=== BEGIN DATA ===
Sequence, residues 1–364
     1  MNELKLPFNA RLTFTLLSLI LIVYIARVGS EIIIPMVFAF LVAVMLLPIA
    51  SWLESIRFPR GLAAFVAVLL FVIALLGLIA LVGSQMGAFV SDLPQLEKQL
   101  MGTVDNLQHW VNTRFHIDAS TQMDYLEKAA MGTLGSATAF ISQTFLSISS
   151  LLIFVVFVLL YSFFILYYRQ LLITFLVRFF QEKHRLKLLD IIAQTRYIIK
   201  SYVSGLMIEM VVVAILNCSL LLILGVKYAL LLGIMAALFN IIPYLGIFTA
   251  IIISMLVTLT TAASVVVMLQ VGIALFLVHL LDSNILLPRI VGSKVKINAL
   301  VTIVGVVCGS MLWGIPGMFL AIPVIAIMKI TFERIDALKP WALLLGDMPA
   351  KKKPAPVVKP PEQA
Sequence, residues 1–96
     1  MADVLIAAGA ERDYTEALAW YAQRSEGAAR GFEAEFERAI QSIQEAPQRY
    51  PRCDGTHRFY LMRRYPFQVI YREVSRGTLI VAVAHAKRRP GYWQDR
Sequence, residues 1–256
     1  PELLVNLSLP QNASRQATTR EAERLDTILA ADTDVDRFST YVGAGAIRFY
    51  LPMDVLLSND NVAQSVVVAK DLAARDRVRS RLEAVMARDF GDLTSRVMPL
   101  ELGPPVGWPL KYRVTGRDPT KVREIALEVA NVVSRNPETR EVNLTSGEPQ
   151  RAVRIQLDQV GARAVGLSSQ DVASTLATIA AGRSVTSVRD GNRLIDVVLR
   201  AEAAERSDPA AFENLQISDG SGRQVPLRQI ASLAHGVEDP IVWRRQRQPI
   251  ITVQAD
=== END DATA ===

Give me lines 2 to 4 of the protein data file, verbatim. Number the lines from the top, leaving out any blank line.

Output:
     1  MNELKLPFNA RLTFTLLSLI LIVYIARVGS EIIIPMVFAF LVAVMLLPIA
    51  SWLESIRFPR GLAAFVAVLL FVIALLGLIA LVGSQMGAFV SDLPQLEKQL
   101  MGTVDNLQHW VNTRFHIDAS TQMDYLEKAA MGTLGSATAF ISQTFLSISS